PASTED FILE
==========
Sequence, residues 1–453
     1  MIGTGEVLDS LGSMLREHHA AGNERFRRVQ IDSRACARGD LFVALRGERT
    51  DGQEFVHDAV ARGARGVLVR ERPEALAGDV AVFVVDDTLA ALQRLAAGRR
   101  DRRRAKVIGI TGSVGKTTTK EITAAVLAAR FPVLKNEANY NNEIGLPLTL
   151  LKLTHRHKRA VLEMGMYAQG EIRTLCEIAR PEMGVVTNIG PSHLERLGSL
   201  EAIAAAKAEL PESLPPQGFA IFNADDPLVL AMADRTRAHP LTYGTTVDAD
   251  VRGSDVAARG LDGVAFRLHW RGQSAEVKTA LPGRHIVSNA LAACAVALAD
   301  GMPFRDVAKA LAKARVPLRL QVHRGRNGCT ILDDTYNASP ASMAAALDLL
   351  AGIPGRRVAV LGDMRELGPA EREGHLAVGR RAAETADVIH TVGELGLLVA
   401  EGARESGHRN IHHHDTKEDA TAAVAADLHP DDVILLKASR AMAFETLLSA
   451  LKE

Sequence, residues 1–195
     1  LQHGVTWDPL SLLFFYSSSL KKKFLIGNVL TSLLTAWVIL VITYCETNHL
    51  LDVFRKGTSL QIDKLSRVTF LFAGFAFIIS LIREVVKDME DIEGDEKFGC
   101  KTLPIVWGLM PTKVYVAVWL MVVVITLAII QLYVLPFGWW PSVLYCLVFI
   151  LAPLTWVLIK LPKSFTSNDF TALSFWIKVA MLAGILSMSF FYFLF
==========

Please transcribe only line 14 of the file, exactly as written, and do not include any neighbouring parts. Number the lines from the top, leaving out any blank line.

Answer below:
    51  LDVFRKGTSL QIDKLSRVTF LFAGFAFIIS LIREVVKDME DIEGDEKFGC